In recent days, heavy rain and flooding have wreaked havoc on macadamia plantations. Although preliminary projections have been made, it is yet impossible to estimate the magnitude of the damage. Severe storms in New South Wales’ growing regions resulted in crop losses at the start of the year, but Queensland producers were generally spared. The Australian Macadamia Society (AMS) estimated a harvest of 54,930 mt of inshell macadamias based on this; this figure is also included in the current INC statistics. However, in recent days, there has been more significant rain and floods, this time hitting sections of both New South Wales and Queensland.
It’s still difficult to predict how large the fresh losses will be, although early estimates put them at roughly 10%. “As these locations are just in the early phases of harvest, there was minimal produce on the ground when the events happened,” Jolyon Burnett, Managing Director of the AMS, told a famous news site. Our growers’ issues with orchard cleanup, on the other hand, are causing the most anxiety. Harvest may be postponed in affected growing regions while growers clean up their orchard floors, which could have a negative impact on the fruit.” Additionally, Bundaberg produces roughly 46% of Australia’s macadamias, making it the country’s leading producer. The Bundaberg region is in the midst of harvest. At 3.5 percent moisture, the Australian macadamia crop was expected to exceed 54,930 tonnes in-shell (58,900 tonnes in-shell at 10 per cent moisture).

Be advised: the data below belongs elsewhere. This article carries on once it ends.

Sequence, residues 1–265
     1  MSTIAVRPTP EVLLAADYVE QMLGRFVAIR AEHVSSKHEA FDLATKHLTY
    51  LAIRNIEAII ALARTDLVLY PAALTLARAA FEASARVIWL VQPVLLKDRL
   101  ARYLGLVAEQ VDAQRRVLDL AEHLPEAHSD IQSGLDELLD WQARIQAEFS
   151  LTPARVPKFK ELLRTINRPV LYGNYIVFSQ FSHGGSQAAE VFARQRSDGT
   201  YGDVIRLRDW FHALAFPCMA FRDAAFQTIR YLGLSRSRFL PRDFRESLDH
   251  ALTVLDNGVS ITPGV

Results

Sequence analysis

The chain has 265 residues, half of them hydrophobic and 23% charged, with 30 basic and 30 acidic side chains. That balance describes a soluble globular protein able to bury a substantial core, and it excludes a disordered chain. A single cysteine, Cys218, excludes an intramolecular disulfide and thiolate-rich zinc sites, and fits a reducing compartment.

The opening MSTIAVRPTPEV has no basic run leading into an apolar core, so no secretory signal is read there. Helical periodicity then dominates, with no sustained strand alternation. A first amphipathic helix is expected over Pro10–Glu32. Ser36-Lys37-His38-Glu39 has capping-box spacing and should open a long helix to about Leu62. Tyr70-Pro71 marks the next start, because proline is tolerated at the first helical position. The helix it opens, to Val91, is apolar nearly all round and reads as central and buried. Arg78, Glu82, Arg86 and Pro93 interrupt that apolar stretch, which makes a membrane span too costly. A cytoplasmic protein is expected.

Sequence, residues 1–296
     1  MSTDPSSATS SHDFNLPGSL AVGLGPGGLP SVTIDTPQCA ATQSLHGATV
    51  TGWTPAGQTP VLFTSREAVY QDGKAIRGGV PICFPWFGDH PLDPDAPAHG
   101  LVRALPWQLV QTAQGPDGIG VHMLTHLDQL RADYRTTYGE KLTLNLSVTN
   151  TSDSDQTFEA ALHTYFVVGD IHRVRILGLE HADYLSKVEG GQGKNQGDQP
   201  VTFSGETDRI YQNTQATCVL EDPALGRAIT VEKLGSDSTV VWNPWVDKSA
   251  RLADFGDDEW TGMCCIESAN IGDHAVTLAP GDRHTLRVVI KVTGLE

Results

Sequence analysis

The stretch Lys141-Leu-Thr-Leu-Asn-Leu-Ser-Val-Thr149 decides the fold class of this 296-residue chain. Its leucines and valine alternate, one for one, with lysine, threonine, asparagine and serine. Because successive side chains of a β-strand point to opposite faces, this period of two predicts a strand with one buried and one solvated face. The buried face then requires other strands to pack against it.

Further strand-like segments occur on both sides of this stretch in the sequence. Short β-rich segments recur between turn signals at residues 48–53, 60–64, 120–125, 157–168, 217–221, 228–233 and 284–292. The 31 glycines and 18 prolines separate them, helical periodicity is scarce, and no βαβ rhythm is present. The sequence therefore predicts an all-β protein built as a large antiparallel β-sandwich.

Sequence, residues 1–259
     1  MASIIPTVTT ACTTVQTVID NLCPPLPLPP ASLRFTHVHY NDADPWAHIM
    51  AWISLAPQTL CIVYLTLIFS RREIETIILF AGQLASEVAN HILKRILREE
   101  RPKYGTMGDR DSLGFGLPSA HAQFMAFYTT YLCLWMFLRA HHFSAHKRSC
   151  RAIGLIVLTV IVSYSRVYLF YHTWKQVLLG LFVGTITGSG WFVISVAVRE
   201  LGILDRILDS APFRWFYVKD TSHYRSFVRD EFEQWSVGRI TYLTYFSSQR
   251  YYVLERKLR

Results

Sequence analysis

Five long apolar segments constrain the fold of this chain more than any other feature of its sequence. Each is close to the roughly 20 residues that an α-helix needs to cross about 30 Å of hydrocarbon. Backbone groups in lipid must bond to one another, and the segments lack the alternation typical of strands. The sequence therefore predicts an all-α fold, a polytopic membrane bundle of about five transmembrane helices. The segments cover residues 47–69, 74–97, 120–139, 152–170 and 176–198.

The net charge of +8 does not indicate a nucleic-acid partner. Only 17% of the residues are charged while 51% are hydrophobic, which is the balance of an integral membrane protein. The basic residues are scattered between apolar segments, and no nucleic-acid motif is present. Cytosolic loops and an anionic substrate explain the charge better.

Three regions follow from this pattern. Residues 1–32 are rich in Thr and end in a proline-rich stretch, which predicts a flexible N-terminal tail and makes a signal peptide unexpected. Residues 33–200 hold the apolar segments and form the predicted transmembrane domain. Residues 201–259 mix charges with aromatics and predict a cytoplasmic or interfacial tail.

The severe rains also wreaked havoc on plantations, causing major erosion. Luigi Coco, a farmer from Elimbah, north of Brisbane, said he had lost not only nuts, but entire trees as well. Mr Coco explained, “The rain weakens the ground, and the wind blew the trees over.” “I have two men employed in the orchard right now.” They’re pruning and replanting trees in an attempt to save them. “With the trees that die, you really have to start over. It’s time for you to plant a new tree. You won’t see a harvest for another five to six years.” It takes 14 years for the trees to achieve full maturity. “These destroyed trees were at their peak, and they were starting to provide a good crop for us.” Mr Coco said it was challenging coming to terms with the latest storm damage. Macadamia nuts are harvested once they fall to the ground.